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Darwin Correspondence Project

From J. J. Weir   11 March 1868

6 Haddo Villas | Blackheath SE

11 Mch 1868

My Dear Sir

You were kind enough to receive favorably some observations I had made on sexual coloration in Australian Finches of the genus Amadina,1 and at the risk of boring you will now add some on the English Finches.—

I will premise by observing that all the truly British species of both Fringillidæ and Emberizidæ2 including the rarest have been kept by me in captivity & therefore I have had the advantage of comparing their different actions in the breeding season, the greater number have not however displayed any disposition to pair.—

There is but one species which displays any brilliant color on the wings, the male Goldfinch has however a very jet black shoulder, the tips of the primaries should also be dark with white spots about 6 in number visible when the wing is closed, and the tertiaries have also dark tips with three white spots visible, this the fanciers call 3 by 6, but the most conspicuous ornament is the brilliant gold edging of the feathers of the wings from which the name of the bird is derived.—

Now when a male goldfinch approaches the female under sexual excitement, he sways his body from side to side slightly expanding his wings and producing when looked at in front quite a dazzling golden flash, thus enhancing his attractions in this respect three fold, first one gold wing is turned towards the hen & in an instant the other is presented to her gaze, no doubt the brilliant color remains on her retina thus as with our selves a continuous flash of gold is produced.—

I have watched all the other Finches in the act of courtship but no other except the goldfinch turns rapidly first one side and then the other to attract the attention of the ♀, because if they did no beauties would be thus displayed.—

The only other species of the genus Carduelis, the Siskin3 appears to have no antics whatever, but its body is tolerably uniform in coloration, & turn as it might no further attractions would be unfolded.

The Bullfinch4 always turns towards its mate its bright red breast bowing and twisting from side to side its jet black tail in quite a ludicrous manner—

Chaffinches5 also look the hen steadily in the face thus shewing, their blue bills & heads which are thus colored only during the breeding season, and displaying all the beauties of their red breasts, at the same time slightly expanding the wings so that the pure white bands on the shoulders become very conspicuous & contrast well with the other colors.—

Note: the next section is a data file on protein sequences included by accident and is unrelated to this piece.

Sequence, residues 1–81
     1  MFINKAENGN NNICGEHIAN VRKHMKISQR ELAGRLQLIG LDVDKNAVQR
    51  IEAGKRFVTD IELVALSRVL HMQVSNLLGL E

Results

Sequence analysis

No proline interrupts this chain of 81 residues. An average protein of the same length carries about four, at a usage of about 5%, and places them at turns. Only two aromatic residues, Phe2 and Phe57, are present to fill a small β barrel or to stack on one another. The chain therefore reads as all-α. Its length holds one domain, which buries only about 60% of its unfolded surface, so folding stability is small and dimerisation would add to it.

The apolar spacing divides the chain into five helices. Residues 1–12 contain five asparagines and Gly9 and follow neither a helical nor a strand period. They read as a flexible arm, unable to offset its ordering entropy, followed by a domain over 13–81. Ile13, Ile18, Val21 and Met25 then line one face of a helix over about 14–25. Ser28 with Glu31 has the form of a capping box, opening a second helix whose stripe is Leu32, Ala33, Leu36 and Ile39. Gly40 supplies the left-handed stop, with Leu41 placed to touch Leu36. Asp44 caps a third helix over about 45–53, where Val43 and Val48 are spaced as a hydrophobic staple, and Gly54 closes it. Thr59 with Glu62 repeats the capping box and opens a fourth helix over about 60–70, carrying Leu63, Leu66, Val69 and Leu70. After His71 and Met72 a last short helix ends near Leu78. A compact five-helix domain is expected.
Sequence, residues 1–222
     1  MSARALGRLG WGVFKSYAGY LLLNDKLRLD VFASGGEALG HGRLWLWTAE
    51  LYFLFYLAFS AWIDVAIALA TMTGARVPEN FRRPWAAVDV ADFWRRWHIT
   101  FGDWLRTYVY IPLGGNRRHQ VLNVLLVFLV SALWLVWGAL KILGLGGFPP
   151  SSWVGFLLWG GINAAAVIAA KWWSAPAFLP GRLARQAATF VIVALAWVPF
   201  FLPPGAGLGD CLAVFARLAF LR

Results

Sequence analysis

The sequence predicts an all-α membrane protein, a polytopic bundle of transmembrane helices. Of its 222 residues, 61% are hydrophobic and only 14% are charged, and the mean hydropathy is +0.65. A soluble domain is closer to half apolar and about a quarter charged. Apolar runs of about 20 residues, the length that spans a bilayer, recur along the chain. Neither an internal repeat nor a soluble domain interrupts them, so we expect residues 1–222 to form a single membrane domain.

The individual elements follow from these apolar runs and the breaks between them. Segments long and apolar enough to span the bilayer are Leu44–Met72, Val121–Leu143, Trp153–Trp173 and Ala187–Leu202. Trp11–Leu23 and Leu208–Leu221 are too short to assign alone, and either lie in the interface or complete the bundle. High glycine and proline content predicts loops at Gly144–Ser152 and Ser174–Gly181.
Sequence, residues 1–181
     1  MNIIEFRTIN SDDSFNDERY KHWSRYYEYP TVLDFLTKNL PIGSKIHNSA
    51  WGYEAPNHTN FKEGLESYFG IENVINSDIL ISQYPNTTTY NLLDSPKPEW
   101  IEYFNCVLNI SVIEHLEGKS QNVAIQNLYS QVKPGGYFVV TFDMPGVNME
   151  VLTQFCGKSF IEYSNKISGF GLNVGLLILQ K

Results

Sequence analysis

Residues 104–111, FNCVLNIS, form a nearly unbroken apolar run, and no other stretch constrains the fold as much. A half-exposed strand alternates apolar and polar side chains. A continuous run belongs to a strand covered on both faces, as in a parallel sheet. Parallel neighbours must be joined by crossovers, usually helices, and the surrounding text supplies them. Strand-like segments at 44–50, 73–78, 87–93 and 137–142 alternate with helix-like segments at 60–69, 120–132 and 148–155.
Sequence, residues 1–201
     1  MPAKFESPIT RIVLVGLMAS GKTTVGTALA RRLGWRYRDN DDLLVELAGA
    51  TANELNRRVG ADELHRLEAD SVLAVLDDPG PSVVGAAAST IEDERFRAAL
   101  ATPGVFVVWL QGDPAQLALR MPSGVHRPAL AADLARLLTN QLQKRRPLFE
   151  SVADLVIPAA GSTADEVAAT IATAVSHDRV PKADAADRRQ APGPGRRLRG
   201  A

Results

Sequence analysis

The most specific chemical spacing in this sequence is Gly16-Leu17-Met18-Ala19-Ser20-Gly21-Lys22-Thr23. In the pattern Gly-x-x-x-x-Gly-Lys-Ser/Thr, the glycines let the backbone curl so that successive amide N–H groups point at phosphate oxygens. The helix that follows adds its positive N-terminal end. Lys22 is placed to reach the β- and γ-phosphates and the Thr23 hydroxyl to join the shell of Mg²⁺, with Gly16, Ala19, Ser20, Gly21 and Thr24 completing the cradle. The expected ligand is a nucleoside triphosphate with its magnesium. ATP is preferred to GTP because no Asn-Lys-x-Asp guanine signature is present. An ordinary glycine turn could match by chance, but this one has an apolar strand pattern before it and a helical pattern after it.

The four sober colored species of Linaria viz Cannabina, Minor, Borealis & Montana all shew in the Spring red on their heads & breasts except the last which has the color only above the tail.6 I have however failed to see them make decided use of the color to attract the females, but have no doubt it is so used.—

I have not remarked anything peculiar in the actions of all the other British Finches, nor in the Emberizidæ which are mostly very dull birds except the Reed Bunting (E Schœniclus)7 which is very lively & entertaining & in Spring the ♂ erects the black feathers then appearing on its head & neck.—

Believe me | My Dear Sir | Yours very sincerely.— | J Jenner Weir

C Darwin Esqr.

CD annotations

1.1 You … other colors.— 8.5] crossed pencil
9.1 The … used.— 9.4] opening square bracket blue crayon; crossed blue crayon
10.1 I … neck.— 10.4] crossed pencil
10.2 except … neck.— 10.4] scored blue crayon
Top of letter: ‘C’ blue crayon

Footnotes

In the latter half of the nineteenth century, the family name Fringillidae generally referred to finches while Emberizidae referred to buntings (Newton 1893–6, 1: 60–1). In modern systematics, the family Fringillidae (or subfamily Fringillinae) is restricted to Old World finches and their relatives while the subfamily Emberizinae (or tribe Emberizini) generally includes New World finches, sparrows, and buntings (Howard and Moore 1991, Sibley and Monroe 1990).
Carduelis spinus.
Pyrrhula pyrrhula.
Fringilla coelebs.
Linaria cannabina is now Carduelis cannabina, the Eurasian linnet; L. minor is now C. flammea, the lesser or common redpoll; L. borealis is now C. hornemanni, the hoary redpoll; and L. montana is now C. flavirostris, the mountain linnet or twite.
Emberiza schoeniclus.

Bibliography

Newton, Alfred. 1893–6. A dictionary of birds. Assisted by Hans Gadow, with contributions from Richard Lydekker, Charles S. Roy, and Robert W. Shufeldt. 4 parts. London: Adam and Charles Black.

Summary

Courtship of goldfinches. Male display. [See Descent 2: 95.]

Letter details

Letter no.
DCP-LETT-6005
From
John Jenner Weir
To
Charles Robert Darwin
Sent from
Blackheath
Source of text
DAR 84.1: 53–6
Physical description
8pp †

Please cite as

Darwin Correspondence Project, “Letter no. 6005,” accessed on 31 March 2020, https://www.darwinproject.ac.uk/letter/DCP-LETT-6005.xml

Also published in The Correspondence of Charles Darwin, vol. 16

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